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Date:	Fri, 4 Jul 2008 15:29:36 +0100 (BST)
From:	Hugh Dickins <hugh@...itas.com>
To:	Stefan Richter <stefanr@...6.in-berlin.de>
cc:	Hidehiro Kawai <hidehiro.kawai.ez@...achi.com>,
	Philippe De Muyter <phdm@...qel.be>,
	Michael Kerrisk <mtk.manpages@...glemail.com>,
	Michael Kerrisk <mtk.manpages@...il.com>,
	linux-kernel@...r.kernel.org,
	libdc1394-devel@...ts.sourceforge.net,
	sugita <yumiko.sugita.yf@...achi.com>,
	Satoshi OSHIMA <satoshi.oshima.fk@...achi.com>
Subject: Re: mmap'ed memory in core files ?

On Fri, 4 Jul 2008, Stefan Richter wrote:
> Hidehiro Kawai wrote:
> > Philippe De Muyter wrote:
> > >
> > > As I don't know the real meaning of VM_RESERVED, I do not know which
> > > choice
> > > is the best one for the official kernel tree,
> 
> I don't know these things either.  But among else, VM_RESERVED prevents a vma
> from being swapped out.  Makes kind of sense, given that besides the CPUs also
> the FireWire controller writes to this memory.
> 
> > > but locally I'll go for
> > > adding VM_ALWAYSDUMP in ieee1394::dma_region_mmap.
> > 
> > I'm afraid I don't know real usages of VM_RESERVED and VM_IO, either.

They're rather an embarrassment, nobody can say quite what VM_RESERVED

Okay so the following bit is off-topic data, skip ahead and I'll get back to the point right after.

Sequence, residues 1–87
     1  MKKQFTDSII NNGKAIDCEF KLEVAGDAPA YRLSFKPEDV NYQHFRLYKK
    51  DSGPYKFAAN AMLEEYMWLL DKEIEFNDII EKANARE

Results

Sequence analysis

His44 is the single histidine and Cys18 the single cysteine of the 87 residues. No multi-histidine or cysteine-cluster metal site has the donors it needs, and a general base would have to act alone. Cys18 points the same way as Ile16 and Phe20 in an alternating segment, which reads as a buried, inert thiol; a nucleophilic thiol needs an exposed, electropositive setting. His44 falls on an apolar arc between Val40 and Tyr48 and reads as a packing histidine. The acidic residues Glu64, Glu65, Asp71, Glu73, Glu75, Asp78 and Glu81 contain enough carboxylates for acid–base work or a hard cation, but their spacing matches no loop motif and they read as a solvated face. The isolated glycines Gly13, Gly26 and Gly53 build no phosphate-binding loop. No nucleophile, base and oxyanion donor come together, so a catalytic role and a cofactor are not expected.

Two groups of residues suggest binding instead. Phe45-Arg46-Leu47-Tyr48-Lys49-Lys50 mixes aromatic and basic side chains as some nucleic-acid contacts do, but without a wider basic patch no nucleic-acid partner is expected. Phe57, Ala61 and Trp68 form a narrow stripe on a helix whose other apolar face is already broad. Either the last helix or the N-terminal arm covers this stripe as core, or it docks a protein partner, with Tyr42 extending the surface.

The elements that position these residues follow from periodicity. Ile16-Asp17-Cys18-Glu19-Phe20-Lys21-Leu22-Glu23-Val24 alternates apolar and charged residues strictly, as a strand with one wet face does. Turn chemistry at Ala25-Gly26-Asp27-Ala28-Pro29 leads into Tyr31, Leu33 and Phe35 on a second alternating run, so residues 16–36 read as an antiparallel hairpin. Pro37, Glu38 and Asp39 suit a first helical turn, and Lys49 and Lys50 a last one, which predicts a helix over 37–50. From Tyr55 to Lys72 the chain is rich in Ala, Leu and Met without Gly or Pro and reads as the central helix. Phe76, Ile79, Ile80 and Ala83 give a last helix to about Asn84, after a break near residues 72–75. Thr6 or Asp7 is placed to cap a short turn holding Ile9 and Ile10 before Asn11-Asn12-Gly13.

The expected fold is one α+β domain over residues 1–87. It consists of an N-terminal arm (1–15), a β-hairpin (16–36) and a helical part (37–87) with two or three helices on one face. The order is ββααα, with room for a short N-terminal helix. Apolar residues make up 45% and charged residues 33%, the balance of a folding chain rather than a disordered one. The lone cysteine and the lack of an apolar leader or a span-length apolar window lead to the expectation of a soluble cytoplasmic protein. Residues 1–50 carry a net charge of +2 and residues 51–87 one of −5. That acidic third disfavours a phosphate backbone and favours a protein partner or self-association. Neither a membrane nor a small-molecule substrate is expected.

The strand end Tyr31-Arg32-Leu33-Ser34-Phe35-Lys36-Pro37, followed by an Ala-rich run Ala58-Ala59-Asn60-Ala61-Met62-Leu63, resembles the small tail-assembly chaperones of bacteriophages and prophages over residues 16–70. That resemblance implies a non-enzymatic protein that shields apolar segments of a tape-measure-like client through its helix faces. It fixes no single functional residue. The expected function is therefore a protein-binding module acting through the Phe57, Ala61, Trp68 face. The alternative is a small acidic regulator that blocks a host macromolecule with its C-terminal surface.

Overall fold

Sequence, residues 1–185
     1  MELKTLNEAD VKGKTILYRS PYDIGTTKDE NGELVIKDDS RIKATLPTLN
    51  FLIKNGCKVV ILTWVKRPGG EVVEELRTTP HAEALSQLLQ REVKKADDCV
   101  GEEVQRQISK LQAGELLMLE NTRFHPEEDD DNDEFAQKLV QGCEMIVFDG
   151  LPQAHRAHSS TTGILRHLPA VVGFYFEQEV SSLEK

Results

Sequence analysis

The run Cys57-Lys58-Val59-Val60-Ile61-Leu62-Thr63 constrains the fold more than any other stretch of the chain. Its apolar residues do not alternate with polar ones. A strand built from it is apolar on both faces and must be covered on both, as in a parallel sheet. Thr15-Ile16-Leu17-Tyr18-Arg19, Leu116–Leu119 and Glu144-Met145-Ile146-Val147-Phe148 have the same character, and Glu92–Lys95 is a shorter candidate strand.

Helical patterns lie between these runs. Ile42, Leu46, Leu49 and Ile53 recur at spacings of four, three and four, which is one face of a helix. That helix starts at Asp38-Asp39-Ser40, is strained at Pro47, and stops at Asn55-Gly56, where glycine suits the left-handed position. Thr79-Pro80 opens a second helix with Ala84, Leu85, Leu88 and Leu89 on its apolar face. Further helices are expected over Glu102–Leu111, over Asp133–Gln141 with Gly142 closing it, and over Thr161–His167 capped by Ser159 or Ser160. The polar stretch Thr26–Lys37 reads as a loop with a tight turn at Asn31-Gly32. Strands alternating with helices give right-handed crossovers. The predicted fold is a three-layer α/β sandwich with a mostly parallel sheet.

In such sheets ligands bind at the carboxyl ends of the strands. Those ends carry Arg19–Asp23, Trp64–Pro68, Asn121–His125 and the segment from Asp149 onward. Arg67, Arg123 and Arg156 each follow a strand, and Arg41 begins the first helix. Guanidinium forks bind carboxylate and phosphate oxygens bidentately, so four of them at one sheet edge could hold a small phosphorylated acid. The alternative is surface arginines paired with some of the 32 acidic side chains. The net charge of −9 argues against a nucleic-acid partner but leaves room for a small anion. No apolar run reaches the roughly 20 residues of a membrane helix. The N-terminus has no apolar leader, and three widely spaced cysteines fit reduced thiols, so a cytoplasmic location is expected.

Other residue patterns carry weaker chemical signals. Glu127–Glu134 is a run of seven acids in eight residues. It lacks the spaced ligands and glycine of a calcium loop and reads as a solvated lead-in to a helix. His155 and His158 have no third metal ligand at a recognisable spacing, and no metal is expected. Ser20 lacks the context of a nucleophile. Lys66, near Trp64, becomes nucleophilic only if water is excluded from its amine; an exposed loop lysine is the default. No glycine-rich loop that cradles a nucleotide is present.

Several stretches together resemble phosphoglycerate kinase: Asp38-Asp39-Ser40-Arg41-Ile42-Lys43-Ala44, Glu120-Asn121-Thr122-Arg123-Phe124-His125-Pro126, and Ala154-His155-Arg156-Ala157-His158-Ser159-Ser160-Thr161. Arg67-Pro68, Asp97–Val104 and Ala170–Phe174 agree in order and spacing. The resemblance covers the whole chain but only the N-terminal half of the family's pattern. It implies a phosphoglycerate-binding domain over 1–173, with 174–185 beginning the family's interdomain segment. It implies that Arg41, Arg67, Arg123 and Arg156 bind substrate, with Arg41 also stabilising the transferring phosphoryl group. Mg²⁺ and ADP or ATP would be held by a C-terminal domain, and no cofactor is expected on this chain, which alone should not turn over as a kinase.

and VM_IO really mean, beyond not-your-ordinary-vma: VM_VOODOO, beware.
They both say "count me as reserved_vm", which means /proc/<pid>/status
leaves them out of VmSize.

Certainly VM_IO hints at special I/O memory, but in most cases there's
nothing very special about either: just memory preallocated by a driver.

In 2.4 VM_RESERVED indeed prevented swapout from looking at the pages
of that vma.  We probably ought to have killed it as part of the 2.5
switch to rmap.  In 2.6 the pages of a VM_RESERVED vma wouldn't be
considered for swapout, because they're not put on any LRU for that.
I think I promised (ah, that's a shameful phrase!) to get rid of it
a few years ago, but never quite got around to it.

VM_RESERVED and VM_IO are treated as equivalent in most tests, but
there's just a few places, e.g. get_user_pages, where we're scared
off by VM_IO but don't mind VM_RESERVED.

VM_ALWAYSDUMP: marvellous, a flag with an understandable name and
a clear purpose.

Hugh
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